August 21, 2012

The Monster Within

Lasting First Impressions of Papo & Yo

Developed by Minority Media  |  Published by Sony Computer Entertainment

Papo Title» “To my mother, brothers, and sisters, who helped me survive the monster in my Father”.  A powerful statement, emblazened on-screen at the onset of Papo & Yo, sets the tone for this beautifully crafted puzzle adventure.  It’s not often that a game creator can craft something this utterly personal into a video game; these sorts of stories are usually left for the likes of novel writers and movie producers but Creative Director Vander Caballero has masterfully turned this notion on its side.  Papo & Yo follows the story of a young boy, Quico, and his toy robot, Lalu, as they journey through a fantasy world in an attempt to cure Quico’s best friend, the otherwise gentle Monster.  You see, Monster is Quico’s kind but giant companion until he eats a poison frog, a temptation that Monster just can’t refuse, at which point he transforms into a raging beast intent on hurting anyone around, including Quico.  Despite Monster’s terrifying reaction to the poison frogs, Quico loves him too much to give up and determines to take Monster on a journey to find a cure to his illness.  Parallels to Vander’s own personal story of surviving an abusive, alcoholic father are readily apparent in Papo & Yo and there is no attempt at hiding this poignant relationship.


Papo’s journey takes place inside what seems to be a fantasy world, where his toy robot comes to life and helps him solve the puzzles found throughout the world.  I am reminded of the old children’s show, Simon in the Land of Chalk Drawings, as all of the puzzle elements in this game are in the form of white symbols drawn on the walls and streets of the shanty town.  Papo can directly alter the reality of the world around him by interacting with these ‘chalk’ drawings, or by moving small boxes around that directly move the box houses and reposition them where he can scale them as needed.  One drawing may pull a staircase out of the side of a wall, while another may transform the walls of a building, creating a doorway where one didn’t previously exist.  It is a puzzle mechanic unique to Papo & Yo and works well in the world he finds himself in.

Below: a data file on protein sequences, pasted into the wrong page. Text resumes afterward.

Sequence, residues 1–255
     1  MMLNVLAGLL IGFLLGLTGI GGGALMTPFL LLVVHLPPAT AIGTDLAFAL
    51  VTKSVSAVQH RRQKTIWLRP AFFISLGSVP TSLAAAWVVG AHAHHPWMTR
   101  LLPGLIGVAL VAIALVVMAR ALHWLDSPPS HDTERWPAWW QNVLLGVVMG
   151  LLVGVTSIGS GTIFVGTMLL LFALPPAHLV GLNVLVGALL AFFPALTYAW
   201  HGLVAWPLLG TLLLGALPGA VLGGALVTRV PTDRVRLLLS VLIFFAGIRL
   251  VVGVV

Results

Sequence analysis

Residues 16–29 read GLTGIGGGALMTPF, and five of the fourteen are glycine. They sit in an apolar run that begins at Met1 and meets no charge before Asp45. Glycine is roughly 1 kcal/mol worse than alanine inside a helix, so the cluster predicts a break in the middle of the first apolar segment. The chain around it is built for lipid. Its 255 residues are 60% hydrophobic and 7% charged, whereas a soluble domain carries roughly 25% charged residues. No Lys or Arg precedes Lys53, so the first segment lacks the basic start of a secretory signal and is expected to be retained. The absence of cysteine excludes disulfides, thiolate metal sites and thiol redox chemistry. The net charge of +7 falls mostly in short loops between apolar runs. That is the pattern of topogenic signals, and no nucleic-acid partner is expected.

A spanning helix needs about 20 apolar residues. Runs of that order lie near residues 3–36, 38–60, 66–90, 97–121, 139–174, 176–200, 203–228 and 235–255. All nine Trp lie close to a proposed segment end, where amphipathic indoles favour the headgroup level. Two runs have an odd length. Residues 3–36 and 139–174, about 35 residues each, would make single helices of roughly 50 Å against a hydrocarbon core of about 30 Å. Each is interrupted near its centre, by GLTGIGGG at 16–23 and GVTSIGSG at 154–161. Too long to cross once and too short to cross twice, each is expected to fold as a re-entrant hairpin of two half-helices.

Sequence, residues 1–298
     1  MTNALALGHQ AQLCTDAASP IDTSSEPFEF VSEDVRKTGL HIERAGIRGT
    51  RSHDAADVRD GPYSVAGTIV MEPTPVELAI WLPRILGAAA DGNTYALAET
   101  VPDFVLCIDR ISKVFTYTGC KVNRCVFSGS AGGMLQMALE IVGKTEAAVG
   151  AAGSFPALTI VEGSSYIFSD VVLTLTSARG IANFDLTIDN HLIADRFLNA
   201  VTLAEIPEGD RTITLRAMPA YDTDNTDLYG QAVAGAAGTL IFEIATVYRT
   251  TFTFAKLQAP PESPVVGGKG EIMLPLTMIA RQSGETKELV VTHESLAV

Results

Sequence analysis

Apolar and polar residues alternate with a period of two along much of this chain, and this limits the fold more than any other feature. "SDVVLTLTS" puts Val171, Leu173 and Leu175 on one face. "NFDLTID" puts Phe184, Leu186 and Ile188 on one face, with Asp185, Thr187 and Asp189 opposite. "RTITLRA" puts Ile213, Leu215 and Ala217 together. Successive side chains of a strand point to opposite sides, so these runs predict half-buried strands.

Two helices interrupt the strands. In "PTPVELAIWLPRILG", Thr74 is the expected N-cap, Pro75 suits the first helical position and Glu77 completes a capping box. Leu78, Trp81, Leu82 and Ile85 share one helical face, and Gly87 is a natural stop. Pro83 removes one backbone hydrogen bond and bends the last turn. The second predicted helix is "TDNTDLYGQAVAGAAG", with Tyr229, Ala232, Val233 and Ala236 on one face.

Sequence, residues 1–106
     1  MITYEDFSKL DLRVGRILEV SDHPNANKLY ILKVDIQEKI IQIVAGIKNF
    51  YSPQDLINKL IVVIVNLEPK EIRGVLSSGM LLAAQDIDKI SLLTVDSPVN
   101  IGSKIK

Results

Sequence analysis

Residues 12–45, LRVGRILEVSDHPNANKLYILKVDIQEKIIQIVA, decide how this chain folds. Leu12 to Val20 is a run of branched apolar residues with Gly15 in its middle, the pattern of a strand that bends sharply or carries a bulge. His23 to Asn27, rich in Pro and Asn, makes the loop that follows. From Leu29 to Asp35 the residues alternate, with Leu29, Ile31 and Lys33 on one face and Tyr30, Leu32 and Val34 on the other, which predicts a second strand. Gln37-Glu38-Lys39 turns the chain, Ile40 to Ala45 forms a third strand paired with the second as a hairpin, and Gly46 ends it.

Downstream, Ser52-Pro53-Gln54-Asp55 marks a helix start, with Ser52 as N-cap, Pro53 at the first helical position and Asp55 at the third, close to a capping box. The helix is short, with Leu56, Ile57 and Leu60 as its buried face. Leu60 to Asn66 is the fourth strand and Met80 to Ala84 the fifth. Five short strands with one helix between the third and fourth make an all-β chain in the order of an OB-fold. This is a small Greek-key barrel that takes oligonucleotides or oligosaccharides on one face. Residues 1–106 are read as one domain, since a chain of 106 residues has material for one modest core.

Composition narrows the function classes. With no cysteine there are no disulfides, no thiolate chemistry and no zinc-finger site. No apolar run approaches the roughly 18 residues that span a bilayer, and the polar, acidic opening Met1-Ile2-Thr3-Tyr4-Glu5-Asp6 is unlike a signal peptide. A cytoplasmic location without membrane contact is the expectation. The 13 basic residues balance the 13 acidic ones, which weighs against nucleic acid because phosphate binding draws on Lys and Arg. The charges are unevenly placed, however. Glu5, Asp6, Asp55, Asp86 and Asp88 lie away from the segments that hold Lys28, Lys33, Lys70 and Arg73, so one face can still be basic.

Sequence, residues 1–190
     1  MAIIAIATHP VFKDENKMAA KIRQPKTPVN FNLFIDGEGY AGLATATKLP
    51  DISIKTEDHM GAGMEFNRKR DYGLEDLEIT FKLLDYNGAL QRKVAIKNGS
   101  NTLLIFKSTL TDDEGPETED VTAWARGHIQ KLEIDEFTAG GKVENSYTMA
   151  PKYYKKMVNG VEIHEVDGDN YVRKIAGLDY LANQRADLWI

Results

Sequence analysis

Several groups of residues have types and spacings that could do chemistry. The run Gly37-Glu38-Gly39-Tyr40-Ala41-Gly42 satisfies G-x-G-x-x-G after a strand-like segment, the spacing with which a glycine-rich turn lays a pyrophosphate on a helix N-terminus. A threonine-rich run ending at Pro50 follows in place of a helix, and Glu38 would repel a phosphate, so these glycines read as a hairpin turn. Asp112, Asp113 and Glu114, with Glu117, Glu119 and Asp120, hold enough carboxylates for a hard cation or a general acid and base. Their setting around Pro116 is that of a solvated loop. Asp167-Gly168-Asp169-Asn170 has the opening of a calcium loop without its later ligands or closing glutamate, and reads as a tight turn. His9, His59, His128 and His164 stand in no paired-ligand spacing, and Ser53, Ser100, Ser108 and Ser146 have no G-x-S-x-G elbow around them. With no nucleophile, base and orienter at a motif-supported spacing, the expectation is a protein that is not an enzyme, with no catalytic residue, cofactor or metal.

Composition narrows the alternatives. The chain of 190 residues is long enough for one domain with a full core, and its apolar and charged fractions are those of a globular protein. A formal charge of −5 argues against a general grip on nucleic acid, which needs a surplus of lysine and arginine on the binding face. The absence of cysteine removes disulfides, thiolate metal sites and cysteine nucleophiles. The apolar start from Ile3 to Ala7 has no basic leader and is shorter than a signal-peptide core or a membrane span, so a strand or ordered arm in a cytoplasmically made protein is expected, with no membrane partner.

While this journey takes place in this dream world, the graphics are distinctly not fantastical, taking on a realistic view of an African shanty home village; dark and dirty but beautiful, especially for a downloadable PSN game. Audibly, Papo & Yo truly feels like you are alongside Papo on his journey as there is no music found here; only the natural sounds of the world around him.  It can be eerily quiet at times with only Papo’s footsteps to keep you reminded there is life here.


During my one hour spend with Papo & Yo, I completed the second of four acts so this isn’t inherently a long game, but it is an intriguing and captivating one.  I found myself truly interested in the suffering and hope of Papo and his best friend, Monster.  Finding a cure for Monster felt real and I want to see it through to the end.

Papo & Yo isn’t a perfect game as the controls at times feel loose and inaccurate.  Finding just the right moment to jump to get Papo over the edge you want can be trying at times.  I also encountered a clipping issue that found an item I needed behind a closed gate forcing me to begin Act 2 over again.  These issues, however, pale in comparison to the fun and relaxed calmness of this game.  There is no dying in this game, only adventure, puzzles and the love of a boy for his Monster (Father).

The themes surrounding Papo & Yo are serious and certainly something that no game has ever tackled before. I truly hope this proves that literary stories typically left for books, television, and movies, can truly be told in the form of a video game too.

Minority Media, I gave you an hour and I am IMPRESSED.

About the Author

Sean is an avid gamer and lover of all thing tech. He is a dedicated husband and the father to three beautiful daughters. In addition to taking his love of gaming to a new level with this site, Sean is also host of our podcasts: The OMG! Hour, Lost Treasures of Gaming, and Primetime as well as the bi-weekly podcast mashup show, Gamers Unscripted. Follow Sean on Twitter as @Xiantayne and this blog as @OMGnexus.



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